In an episode of the Science Fiction TV series Star Trek "Let That Be Your Last Battlefield( 1969).  Bele (played by Frank Gorshin) and Lokai (played by Lou Antonio), alien humanoids from the planet Cheron, are mortal enemies. Their hatred for each other leaves Captain Kirk(William Shatner) and Spock (Leonard Nimoy) bewildered. 

 

Bele and Lokai, after all, look the same. Each is black on one side and white on the other. What reason, Kirk asks, could they have to hate each other? An indignant Bele snarls: "Are you blind? We're nothing alike! I'm black on my right side and white on my left side. He's white on his right side and black on his left side!" When the Starship Enterprise arrives at Cheron, they discover a lifeless planet, annihilated by racial armageddon. Bele and Lokai however have learned nothing. They beam down to Cheron, fighting each other to the death. 

The entire conflict on the episode was written to show that racism was ridiculous and pointless


In the 1980's rap artists like Public Enemy ,NWA and X-Clan produced a more explicitly political and cultural analysis of United States without compromising the basic hip-hop aspects of their raps. 

 

Their songs brought home the reality of what it is like to live in poverty and the prejudice and oppression that is attached with the condition. They produced a sound that was called gangsta-rap songs of resolution, rebellion and justice finding audiences the world over.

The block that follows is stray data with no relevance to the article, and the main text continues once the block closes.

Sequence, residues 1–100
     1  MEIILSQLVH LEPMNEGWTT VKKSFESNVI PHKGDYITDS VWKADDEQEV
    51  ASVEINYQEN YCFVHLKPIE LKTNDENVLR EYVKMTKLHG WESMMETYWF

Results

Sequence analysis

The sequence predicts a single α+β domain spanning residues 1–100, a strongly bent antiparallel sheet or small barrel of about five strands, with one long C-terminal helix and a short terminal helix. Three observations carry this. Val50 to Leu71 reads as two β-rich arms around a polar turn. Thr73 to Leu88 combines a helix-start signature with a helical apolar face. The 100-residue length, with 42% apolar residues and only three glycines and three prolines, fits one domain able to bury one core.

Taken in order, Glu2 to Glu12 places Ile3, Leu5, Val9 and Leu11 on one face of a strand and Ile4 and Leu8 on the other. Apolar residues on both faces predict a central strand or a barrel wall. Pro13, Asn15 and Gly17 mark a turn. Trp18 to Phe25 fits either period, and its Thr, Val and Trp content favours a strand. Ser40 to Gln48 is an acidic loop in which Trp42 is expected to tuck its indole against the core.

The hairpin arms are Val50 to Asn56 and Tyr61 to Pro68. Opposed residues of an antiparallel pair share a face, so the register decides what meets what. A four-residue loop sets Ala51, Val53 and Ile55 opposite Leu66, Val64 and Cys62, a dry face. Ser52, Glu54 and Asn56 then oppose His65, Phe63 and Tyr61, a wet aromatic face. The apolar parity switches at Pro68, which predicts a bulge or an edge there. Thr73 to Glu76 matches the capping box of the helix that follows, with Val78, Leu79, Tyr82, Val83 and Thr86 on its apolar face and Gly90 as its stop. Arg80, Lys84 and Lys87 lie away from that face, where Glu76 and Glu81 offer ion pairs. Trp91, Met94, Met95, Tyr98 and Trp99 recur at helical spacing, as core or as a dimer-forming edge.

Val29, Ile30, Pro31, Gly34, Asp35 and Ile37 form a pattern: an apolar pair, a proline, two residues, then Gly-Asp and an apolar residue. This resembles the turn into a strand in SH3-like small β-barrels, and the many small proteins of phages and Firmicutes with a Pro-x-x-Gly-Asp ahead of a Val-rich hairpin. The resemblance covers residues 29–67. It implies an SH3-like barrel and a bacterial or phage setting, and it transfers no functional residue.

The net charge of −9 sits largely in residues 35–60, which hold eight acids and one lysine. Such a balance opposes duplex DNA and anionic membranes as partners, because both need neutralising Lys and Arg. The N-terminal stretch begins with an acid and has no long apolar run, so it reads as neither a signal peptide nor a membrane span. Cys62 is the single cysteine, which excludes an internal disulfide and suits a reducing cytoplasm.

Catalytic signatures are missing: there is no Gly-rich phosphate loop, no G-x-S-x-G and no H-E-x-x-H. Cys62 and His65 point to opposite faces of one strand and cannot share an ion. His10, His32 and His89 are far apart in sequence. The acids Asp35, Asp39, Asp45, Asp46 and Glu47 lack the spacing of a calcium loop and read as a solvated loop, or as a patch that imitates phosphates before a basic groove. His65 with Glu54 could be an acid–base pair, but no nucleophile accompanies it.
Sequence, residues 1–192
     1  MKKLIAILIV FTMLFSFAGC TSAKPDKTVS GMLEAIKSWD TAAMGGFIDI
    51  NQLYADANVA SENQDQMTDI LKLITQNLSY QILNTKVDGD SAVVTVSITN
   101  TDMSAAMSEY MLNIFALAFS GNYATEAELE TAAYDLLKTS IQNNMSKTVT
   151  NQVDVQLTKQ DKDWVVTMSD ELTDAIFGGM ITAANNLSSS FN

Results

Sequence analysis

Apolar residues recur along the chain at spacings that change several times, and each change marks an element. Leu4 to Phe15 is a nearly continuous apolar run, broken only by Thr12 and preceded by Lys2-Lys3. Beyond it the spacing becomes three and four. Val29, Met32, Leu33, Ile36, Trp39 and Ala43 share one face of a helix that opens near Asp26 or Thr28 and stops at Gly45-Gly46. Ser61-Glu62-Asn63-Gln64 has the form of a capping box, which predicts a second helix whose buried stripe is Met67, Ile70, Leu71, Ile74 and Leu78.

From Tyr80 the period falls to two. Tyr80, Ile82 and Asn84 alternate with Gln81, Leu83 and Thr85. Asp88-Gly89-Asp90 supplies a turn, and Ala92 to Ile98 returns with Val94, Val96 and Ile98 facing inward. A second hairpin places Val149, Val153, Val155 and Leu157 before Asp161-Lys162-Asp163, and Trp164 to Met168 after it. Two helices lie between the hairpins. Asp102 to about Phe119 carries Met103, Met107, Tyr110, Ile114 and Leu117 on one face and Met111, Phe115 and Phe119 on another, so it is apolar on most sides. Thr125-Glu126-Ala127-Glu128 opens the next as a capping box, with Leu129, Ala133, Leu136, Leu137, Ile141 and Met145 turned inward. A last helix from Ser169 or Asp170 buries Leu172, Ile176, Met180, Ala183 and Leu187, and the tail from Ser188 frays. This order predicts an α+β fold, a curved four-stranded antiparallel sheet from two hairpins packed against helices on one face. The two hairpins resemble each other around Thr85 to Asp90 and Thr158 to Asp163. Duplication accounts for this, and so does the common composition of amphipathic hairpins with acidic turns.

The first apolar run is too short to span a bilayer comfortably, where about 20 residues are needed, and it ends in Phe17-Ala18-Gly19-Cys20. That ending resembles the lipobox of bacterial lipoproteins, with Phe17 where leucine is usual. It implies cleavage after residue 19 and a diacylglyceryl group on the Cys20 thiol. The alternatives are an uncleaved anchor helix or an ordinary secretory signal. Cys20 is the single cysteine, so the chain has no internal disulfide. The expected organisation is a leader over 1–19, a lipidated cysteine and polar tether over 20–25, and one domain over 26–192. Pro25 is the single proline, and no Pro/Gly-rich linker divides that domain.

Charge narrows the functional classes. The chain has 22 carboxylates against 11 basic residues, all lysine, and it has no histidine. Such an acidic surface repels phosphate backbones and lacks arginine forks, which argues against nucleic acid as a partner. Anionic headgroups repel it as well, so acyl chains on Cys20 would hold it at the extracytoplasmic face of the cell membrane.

• Chuck D (Carlton Douglas Ridenhour) — leader, producer, lyricist, main vocalist, and artwork
  •  Flavor Flav (William Jonathan Drayton, Jr.) — lyricist, vocalist, producer, instrumentalist, hype man, comic relief
  • Professor Griff (Richard Griffin) head of S1W, liaison between PE and S1W, road manager. Occasional vocalist and producer, plays drums at live shows
  • DJ Lord (Lord Aswod) — DJ, producer
  • Terminator X (Norman Rogers) — DJ, producer (former member)
  • DJ Johnny Juice (John Rosado) Studio DJ, Producer

Chuck D. The Public Enemy frontman grew up listening to protest music, and later used it as inspiration for his own work. "'Fight the Power' by the Isley Brothers was the song that inspired me to write 'Fight the Power' by Public Enemy," he says. "But, being a child of the Sixties, there's so many great protest songs. 'People Get Ready' and a lot of Curtis Mayfield's songs touched my soul. James Brown had a protest song against drugs with 'King Heroin,' and Peter, Paul and Mary struck me as a kindergartener. How could those songs not mean so much?"

 

In 1988, Public Enemy released It Takes a Nation of Millions to Hold Us Back, which focused on politics, corporate control, structural racism and police brutality.

 

Religion and Racism

  • Islam 

Islam has always accepted converts, or what it regards as "reverts", from all ethnic and racial groups, and condemned any ideas which would keep any group of people from joining together in brotherhood and submission to God on the basis of ethnic or racial characteristics.

  • Judaism 

Although Judaism teaches that Jews are God's chosen people, most Jews think it is a distortion to present this as some sort of doctrine of racial superiority. The Jewish belief is not that they are superior to other groups, but that they have been chosen by God for a special spiritual task.